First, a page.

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Kilauea volcano
Shield volcano 1277 m (4,190 ft)
Hawai'i, 19.41°N / -155.29°W
Current status: normal or dormant (1 out of 5)
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Kilauea volcano eruptions:
Near-continuous eruptions. Since 1960: 1961 (4x), 1962, 1963 (2x), 1965 (2x), 1967-68, 1968 (2x), 1969, 1969-74, 1971 (2x), 1973 (2x), 1974 (3x), 1975, 1977, 1979, 1980, 1982 (2x), 1983-2018 (incl. 1986, 1992, 1997, 2007, 2011 (3x)), 2018 (lower east rift zone in Leilani subdivision)
Typical eruption style:
Dominantly effusive since 1790, but ~60% explosive over past ~2500 years.
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Volcano news & updates: Kilauea volcano (Big Island, Hawaii)

Kilauea volcano update: Lower East Rift Zone eruption continues with little change

Monday Jun 18, 2018 07:16 AM | IS

This photo take during a 17 June, 2018, morning overflight shows a fissure 8 lava fountain pulsing to heights of 50 m (165 ft) within the cinder spatter cone. (HVO/USGS)
This photo take during a 17 June, 2018, morning overflight shows a fissure 8 lava fountain pulsing to heights of 50 m (165 ft) within the cinder spatter cone. (HVO/USGS)
During the morning of June 16, 2018, the fissure 8 lava fountain was pulsing below the rim of the cinder cone that is now 51 m (170 ft) tall at its highest point. The steam in the foreground is the result of heavy morning rain falling on warm (not hot) tephra (lava fragments). (HVO/USGS)
During the morning of June 16, 2018, the fissure 8 lava fountain was pulsing below the rim of the cinder cone that is now 51 m (170 ft) tall at its highest point. The steam in the foreground is the result of heavy morning rain falling on warm (not hot) tephra (lava fragments). (HVO/USGS)
Minor amounts of lava that briefly spill over the lava channel levees are recognisable  as the shiny gray lobes along the channel margins. Image taken during a 17 June, 2018, morning overflight, view to the east, with the plume in the upper right showing the location of the ocean entry. (HVO/USGS)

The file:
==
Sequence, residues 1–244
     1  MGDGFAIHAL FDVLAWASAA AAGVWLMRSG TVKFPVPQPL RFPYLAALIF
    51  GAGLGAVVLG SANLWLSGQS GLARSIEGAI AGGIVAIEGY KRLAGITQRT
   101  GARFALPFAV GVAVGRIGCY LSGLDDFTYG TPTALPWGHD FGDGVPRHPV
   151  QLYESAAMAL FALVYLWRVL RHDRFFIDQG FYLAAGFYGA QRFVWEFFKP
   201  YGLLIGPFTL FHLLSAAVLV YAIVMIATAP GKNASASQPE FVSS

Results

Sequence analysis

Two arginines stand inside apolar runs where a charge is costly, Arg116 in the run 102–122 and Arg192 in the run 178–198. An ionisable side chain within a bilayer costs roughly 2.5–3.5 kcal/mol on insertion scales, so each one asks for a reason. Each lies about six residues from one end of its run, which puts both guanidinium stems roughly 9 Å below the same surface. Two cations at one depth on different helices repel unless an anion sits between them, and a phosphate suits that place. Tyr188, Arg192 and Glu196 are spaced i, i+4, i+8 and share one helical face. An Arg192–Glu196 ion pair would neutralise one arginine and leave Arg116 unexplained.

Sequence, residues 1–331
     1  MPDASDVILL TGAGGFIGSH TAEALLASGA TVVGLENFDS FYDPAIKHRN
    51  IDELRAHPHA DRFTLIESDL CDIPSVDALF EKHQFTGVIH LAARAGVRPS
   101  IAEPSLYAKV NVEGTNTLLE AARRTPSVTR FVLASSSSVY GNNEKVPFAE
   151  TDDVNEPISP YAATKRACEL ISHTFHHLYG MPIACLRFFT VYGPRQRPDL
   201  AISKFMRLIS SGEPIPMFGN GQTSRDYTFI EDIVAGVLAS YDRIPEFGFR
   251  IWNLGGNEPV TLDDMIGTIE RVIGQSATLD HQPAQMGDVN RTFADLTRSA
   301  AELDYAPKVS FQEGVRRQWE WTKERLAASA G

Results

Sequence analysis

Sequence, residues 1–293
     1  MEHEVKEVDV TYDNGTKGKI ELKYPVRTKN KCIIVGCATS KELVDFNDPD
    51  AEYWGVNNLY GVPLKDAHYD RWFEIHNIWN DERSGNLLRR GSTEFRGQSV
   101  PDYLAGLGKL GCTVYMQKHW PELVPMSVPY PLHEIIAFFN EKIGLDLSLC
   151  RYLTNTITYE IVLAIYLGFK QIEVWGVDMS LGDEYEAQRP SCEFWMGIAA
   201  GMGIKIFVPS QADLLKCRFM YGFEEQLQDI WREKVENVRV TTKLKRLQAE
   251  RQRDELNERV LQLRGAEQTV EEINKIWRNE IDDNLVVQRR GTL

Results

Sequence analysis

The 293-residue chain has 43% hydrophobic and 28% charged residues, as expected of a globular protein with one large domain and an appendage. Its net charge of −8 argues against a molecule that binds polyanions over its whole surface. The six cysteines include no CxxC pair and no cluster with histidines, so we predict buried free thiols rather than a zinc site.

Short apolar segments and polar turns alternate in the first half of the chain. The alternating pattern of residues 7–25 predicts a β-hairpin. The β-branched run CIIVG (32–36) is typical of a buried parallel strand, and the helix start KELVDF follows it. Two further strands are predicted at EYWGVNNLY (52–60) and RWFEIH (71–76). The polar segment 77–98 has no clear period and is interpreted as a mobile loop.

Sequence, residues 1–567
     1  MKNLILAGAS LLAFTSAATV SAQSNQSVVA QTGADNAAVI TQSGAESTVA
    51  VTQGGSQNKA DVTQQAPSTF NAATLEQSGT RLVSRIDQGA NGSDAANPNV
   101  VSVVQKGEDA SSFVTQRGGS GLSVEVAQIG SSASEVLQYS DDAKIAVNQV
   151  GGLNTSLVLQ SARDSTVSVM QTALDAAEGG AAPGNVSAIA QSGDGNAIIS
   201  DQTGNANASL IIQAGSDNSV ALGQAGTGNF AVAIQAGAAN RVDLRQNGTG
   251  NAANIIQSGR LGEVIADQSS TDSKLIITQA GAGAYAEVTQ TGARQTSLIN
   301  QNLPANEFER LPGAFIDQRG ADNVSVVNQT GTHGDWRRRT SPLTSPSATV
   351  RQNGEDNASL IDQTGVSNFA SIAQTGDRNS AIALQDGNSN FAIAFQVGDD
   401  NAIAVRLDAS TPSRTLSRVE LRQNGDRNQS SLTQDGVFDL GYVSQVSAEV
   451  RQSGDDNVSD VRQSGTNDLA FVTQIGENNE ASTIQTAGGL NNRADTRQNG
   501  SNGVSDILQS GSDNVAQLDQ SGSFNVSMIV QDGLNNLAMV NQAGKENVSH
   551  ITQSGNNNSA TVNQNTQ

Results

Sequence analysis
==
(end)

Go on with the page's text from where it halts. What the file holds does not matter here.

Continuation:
Minor amounts of lava that briefly spill over the lava channel levees are recognisable as the shiny gray lobes along the channel margins. Image taken during a 17 June, 2018, morning overflight, view to the east, with the plume in the upper right showing the location of the ocean entry. (HVO/USGS)
View to the southwest of the lava ocean entry at Kapoho on the morning of 16 June 2018.  Lava from fissure 8 travels about 13 km (8 mi) down a well established channel (visible in the center of the image) to this ocean entry at Kapoho where it is building a seaward delta that is approximately 320 acres in size. The white plume (left) is the vigorous ocean entry at Vacationland where interaction of lava and ocean water creates a dense plume of ‘laze’. (HVO/USGS)
View to the southwest of the lava ocean entry at Kapoho on the morning of 16 June 2018. Lava from fissure 8 travels about 13 km (8 mi) down a well established channel (visible in the center of the image) to this ocean entry at Kapoho where it is building a seaward delta that is approximately 320 acres in size. The white plume (left) is the vigorous ocean entry at Vacationland where interaction of lava and ocean water creates a dense plume of ‘laze’. (HVO/USGS)
Throughout the weekend, Kilauea’s lower East Rift Zone eruption persisted to vigorously effusive large amounts of lava from fissure 8 which travelled along the well established 13 km (8 mile) channel to the broad ocean entry at Kapoho.